Friday, January 11, 2013

Louise Michel, "Why We Are Anarchists" (1891)


WHY WE ARE ANARCHISTS.

Our Comrade Louise Michel has received the following letter from a stranger; we insert the letter and a translation of her answer.
Dear Miss: — You have been represented in various periodicals and newspapers, (which I have read at various times) as the leader of the school of Anarchists and of all those who wish to undermine the national Governments of civilized countries. I write to ask you whether you have not been misrepresented upon this matter, and if not, how and by what system of reasoning have you come to believe that we shall reach a perfect state of Society by destroying all Government, than by helping or forcing’ Governments to make laws which shall better the social condition of the people. I apologise very much for troubling you and remain,
Yours Sincerely, S. B.

I should have been satisfied with answering by post the question which Mr. S. B. has put in such an open handed manner, if this question was only asked by one man and if my views only were to be expressed.
We are Anarchists because it is absolutely impossible to obtain justice for all in any other way than by destroying institutions founded on force and privilege.
We cannot believe that improvement is possible, if we still keep up the same institutions, now more rotten than in the past, or if we merely replace those whose iniquities are known by new men.
These latter become in their turn what the others were, or else become barren.
After the gradual changes of past centuries the hour has come when evolution cannot be separated from revolution, as in all birth they must be accomplished together. You can no more retard the birth of a system than you can that of living being.
In what would you that we should help those who govern—their work being only exploitation and wholesale murder—it has never been otherwise: the reason for the existence of a state is nothing but the accomplishment of some crime or other in order to assure the domination of a privileged class.
An equal division of wealth would also be as mad as capitalism is criminal: to expect any amelioration of misery by modifying laws is a piece of stupidity of which we are not capable: we have seen the work of men whose illusions have only been able to perpetuate misery — millions of years being insufficient for the least amelioration of the lot of the workers. We can now see the fin-de-si├Ęcle cutthroats and assassins. That is better. We can see power on trial — we can judge it for what it is worth.
The land which belongs to all can no more be divided than the light which also belongs to all.
When free groups of men will use for the general welfare machines which reduce the hours of labour to a few, and in many forms of production the toil of rough work will be annihilated, there will remain for the intellect of the time, some time for the pursuit of art and science; and when men are delivered from the struggle for existence, they will also be delivered from crime and grief.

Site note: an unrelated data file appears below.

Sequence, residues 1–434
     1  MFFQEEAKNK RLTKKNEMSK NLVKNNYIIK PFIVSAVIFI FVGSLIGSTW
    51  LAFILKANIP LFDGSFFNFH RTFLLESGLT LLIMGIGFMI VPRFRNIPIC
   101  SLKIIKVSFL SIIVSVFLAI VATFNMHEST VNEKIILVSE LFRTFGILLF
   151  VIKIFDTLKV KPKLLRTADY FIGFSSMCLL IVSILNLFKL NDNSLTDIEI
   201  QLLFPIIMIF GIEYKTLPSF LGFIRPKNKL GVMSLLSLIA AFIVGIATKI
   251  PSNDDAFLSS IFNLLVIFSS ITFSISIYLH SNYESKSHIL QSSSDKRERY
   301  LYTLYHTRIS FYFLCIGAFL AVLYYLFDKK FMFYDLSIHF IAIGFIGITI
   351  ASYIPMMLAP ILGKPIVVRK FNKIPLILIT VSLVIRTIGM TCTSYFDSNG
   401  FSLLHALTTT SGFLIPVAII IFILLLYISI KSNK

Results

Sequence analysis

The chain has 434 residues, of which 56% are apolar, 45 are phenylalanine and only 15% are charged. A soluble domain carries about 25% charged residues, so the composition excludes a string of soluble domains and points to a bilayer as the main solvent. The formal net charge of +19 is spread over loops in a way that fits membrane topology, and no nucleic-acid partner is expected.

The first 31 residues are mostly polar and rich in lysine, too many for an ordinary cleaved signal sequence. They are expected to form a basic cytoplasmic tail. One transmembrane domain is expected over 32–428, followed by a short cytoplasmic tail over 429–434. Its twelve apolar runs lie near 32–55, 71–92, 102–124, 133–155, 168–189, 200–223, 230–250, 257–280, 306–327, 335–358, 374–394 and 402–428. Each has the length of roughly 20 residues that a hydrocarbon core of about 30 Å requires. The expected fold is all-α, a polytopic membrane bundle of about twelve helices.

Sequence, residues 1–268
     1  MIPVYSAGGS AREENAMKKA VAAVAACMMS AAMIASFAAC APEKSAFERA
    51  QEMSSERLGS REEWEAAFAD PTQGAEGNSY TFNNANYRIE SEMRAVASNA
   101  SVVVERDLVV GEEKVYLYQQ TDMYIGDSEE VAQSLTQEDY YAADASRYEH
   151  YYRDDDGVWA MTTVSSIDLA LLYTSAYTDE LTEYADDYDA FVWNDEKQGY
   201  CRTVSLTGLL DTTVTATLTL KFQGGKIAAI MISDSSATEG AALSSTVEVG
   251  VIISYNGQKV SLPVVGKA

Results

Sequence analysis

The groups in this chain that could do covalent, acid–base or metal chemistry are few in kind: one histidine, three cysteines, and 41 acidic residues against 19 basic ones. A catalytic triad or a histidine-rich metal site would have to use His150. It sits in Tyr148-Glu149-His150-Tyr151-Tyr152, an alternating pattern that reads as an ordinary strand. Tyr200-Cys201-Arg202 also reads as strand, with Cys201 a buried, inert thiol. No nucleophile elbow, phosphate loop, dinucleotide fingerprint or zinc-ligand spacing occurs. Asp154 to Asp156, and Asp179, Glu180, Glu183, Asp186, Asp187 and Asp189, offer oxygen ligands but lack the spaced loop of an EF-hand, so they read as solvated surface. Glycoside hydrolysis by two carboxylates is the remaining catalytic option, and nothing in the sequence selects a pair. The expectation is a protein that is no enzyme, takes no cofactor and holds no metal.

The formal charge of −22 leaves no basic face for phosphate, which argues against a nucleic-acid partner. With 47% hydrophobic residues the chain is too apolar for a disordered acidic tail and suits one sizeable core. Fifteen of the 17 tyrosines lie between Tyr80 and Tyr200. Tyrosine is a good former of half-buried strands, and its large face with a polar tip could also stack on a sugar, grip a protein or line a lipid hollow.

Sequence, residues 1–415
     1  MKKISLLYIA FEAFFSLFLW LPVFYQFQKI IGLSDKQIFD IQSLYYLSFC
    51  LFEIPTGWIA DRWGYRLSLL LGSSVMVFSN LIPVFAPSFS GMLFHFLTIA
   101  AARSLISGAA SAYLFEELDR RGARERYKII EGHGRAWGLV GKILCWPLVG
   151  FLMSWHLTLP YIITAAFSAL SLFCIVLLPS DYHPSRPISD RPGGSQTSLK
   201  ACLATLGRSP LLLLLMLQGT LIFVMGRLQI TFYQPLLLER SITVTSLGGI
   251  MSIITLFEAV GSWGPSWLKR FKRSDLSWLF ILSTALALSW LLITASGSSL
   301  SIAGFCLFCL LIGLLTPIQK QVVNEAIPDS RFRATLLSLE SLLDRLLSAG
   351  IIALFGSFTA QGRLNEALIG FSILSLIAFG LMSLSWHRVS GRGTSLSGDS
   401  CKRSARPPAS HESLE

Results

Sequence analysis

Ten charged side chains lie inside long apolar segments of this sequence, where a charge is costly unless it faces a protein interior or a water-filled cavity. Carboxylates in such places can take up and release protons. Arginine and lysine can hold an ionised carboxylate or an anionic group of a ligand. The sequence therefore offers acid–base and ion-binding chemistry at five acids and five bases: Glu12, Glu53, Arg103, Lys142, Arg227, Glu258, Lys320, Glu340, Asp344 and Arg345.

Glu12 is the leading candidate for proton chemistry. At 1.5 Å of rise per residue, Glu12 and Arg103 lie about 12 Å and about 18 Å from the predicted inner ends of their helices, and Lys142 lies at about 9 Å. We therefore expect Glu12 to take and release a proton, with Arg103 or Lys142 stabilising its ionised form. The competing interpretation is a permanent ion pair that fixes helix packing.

The ideal alone is the truth — it is the measure of our horizon. Time was when the ideal was to live without eating an other up. Is it not so still under another form which exists in the so-called civilized countries where the exploiter eats up the exploited? Do not the people in nocks fertilize the soil by their sweat and blood?
That is what we want to destroy — this annihilation — this eating of man by an other man.
The old bogie of “Society” is dead. It is time that she was buried with the worms burrowing in her vitals, in order that the air may be pure for young Anarchy, which will be order and peace under freedom instead of order kept by the murder of the multitudes.
How did I become an Anarchist? This is how. It was during a four months voyage for New Caledonia while looking at the infinity of the sea and of the sky — feeling how miserable living beings are when taken individually — how great is the ideal when it goes beyond time and beyond the hecatombs as far as the new aurora.
There I deeply felt how each drop of water of the waves was but microscopic, but how powerful it was when joined to the ocean.
So also ought each man to be in humanity. As for the third question I am not the least bit in the world “chief” of the “International school”; the word “directrix” which my comrades have joined to my name is worth nothing either, for each of us gives freely according to his conscience the courses of instruction with which he or she has charged him or her self.
What would you have? Our tongue is poor, the words are old and so they ill express new ideas.
And finally is it not time that our limited tongues should fall into the ocean of speech and of human thought? What will be the language of mankind delivered to the new Aurora — Anarchy!
Louise Michel.

[The Commonweal, 7, 282 (Sepatember 26, 1891) 119.]

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